Nora's struggles are no different than those experienced by all human beings. Period. Which is interesting considering that Ibsen was not writing in a historical period that would have matched our own schema of life. Hence, he was quite futuristic and daring in stating that women were no different than males when it came to selflesness, sacrifice, and duty- in fact, I think Ibsen placed women at an even higher echelon. In a different country, or society, this may have been banned or seen as too controversial. Yet, he managed to fliter the theme in with such care and charisma that the public of his time was able to accept and understand his work.

Last Updated on
An illustration of the letter 'A' in a speech bubbles

What do you think Ibsen meant when he wrote that A Doll's House is more about human rights than women’s rights?

In his observation, Ibsen elevates Nora and her struggles even further and imbues them with the greatest degree of respect. Terminology does matter. The term "women's rights" is in itself dismissive, serving to segregate a particular group of people from the mainstream of humanity. Nora deserved dignity and freedom, not because she was a woman but because she was a human being. The social inequity in the play did not result from men denying rights to women, but from one group of human beings denying power to another group of human beings. The distinction is an important one, important enough for Ibsen to point it out.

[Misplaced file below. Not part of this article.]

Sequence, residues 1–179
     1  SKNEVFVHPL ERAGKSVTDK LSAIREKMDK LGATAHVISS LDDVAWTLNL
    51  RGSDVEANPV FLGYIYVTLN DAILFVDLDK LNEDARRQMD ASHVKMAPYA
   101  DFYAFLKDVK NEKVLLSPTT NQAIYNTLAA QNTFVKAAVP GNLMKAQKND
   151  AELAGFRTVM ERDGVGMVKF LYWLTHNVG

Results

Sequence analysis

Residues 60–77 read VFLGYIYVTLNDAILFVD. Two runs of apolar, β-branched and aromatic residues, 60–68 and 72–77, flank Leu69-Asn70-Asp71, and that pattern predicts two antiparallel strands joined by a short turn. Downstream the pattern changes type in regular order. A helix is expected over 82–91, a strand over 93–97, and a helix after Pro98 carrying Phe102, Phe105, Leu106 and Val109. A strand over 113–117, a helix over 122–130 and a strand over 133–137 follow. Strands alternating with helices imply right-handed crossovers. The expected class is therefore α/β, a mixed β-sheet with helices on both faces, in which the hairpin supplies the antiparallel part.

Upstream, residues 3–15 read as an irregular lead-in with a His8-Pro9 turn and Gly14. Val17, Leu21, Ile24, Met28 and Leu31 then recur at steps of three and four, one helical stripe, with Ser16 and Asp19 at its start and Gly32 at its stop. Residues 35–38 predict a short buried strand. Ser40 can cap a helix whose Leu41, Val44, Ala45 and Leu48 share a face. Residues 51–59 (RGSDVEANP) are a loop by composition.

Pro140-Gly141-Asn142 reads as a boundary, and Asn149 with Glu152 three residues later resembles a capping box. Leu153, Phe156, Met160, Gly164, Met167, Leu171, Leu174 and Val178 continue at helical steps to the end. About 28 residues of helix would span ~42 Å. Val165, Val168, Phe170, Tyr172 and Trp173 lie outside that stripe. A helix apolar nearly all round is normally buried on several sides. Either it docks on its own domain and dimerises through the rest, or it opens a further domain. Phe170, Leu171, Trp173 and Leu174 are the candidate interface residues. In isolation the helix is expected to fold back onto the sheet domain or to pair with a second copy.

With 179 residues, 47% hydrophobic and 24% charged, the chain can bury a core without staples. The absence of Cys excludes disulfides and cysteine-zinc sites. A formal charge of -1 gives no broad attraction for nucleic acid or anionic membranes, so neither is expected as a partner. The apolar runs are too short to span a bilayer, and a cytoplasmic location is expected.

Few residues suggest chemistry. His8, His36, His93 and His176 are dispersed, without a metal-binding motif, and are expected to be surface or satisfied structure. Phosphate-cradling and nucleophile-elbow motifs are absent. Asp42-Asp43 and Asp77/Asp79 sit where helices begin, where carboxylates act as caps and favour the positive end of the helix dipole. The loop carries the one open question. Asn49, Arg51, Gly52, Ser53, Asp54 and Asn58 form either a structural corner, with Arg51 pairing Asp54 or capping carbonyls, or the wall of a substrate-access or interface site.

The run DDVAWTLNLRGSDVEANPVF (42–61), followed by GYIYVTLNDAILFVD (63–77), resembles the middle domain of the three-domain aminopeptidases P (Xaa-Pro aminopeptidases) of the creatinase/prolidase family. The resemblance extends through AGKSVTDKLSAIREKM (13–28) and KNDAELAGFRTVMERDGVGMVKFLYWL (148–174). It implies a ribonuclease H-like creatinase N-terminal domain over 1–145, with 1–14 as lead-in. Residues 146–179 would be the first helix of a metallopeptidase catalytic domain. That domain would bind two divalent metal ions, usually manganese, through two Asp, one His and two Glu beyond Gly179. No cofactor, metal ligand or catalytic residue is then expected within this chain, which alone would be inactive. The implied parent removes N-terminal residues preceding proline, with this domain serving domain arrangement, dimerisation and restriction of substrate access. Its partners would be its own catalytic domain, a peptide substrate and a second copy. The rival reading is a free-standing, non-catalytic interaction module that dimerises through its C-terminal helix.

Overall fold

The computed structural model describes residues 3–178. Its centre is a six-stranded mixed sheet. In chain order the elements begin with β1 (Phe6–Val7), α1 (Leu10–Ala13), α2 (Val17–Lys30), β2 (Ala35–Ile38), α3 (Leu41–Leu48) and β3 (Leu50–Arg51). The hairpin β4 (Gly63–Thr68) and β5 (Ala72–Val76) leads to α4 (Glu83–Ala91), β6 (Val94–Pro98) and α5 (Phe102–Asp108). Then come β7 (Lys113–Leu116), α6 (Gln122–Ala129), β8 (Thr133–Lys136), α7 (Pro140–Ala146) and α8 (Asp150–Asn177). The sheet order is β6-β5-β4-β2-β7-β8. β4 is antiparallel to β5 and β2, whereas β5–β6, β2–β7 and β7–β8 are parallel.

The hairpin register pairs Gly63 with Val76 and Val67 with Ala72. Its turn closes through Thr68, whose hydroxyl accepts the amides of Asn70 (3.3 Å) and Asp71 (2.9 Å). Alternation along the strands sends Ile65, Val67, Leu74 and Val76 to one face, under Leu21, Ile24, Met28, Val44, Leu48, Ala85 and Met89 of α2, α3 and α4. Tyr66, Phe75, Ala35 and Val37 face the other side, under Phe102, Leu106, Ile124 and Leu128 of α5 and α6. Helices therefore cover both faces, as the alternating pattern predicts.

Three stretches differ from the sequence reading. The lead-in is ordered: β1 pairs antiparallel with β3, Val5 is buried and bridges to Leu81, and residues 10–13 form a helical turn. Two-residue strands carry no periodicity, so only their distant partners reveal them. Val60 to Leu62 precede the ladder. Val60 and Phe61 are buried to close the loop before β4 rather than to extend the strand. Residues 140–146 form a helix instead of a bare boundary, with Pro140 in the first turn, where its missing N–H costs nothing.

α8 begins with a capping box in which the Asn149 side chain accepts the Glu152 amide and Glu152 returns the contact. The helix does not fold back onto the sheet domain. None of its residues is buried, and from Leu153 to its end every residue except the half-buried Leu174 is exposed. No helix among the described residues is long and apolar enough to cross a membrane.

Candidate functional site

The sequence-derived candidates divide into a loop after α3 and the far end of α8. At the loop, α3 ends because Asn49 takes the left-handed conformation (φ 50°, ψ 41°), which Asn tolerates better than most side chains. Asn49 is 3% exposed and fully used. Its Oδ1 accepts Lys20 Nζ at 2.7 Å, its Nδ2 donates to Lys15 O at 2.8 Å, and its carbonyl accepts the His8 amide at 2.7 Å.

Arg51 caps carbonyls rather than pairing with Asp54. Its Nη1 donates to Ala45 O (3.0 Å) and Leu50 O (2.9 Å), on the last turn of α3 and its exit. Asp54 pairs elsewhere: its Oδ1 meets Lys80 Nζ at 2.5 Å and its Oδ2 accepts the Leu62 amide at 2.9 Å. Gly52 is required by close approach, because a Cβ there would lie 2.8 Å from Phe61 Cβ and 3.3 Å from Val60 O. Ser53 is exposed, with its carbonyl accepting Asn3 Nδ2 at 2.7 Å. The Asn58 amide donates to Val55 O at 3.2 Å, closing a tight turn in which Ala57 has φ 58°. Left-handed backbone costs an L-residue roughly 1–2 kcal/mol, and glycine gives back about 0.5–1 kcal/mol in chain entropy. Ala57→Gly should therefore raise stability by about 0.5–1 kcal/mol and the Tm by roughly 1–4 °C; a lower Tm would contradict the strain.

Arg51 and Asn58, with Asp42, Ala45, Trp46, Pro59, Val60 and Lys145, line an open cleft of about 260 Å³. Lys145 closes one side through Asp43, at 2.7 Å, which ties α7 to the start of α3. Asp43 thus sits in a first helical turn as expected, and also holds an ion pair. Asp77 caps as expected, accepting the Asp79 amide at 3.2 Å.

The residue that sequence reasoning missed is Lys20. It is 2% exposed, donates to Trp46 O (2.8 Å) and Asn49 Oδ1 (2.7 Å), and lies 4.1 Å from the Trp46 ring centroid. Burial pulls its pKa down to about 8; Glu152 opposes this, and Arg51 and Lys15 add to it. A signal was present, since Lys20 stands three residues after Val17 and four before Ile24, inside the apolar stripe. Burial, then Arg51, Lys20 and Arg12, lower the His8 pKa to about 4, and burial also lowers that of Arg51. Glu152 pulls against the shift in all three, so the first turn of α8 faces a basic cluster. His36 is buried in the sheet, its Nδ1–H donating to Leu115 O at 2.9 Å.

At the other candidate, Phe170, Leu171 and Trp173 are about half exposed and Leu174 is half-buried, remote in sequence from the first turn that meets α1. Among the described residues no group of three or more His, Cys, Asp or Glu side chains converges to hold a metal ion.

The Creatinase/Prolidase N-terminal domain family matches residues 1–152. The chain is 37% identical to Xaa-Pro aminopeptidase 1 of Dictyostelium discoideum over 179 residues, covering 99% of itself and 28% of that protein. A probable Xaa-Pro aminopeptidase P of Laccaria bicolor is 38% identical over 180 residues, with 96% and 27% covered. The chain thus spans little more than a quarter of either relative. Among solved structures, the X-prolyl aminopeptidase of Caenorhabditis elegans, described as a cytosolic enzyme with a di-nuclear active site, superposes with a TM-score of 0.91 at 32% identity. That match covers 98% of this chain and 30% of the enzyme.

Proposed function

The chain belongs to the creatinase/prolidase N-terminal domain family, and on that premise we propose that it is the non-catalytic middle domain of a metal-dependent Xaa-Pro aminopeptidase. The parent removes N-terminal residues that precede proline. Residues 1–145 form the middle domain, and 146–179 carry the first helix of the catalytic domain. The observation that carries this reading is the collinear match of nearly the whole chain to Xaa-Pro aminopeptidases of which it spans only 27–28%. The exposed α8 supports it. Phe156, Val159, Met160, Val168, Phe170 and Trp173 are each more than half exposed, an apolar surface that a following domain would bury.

Last Updated on
An illustration of the letter 'A' in a speech bubbles

What do you think Ibsen meant when he wrote that A Doll's House is more about human rights than women’s rights?

I think that Ibsen was using Nora almost as an "everyman" - not just representative of all women, but representative of all humans.  The issues she grapples with are not just about female.  Her search for identity is one we all go through.  Both men and women have to figure out how to separate themselves from their parents' identities, as well as making sure that their identity doesn't disappear into their spouses.  

The other themes in the play are also universal, and not just about women towards the end of the 19th century.  One of the big ones, in my mind, is the conflict between appearance and reality.  What we see on the surface is not always the truth of the matter.  In Torvald we see a devoted husband and in Nora we see a childish wife.  But, in reality, Torvald is controlling, maintaining a position of superiority over Nora.  And, in contrast, we see Nora as capable of taking steps to save her husband's life, and hiding the ramifications of those steps for many years. Krogstad also offers some contradictions.  On the surface, he is seen as morally corrupt, but as the play unfolds, the audience discovers his quite ethical center.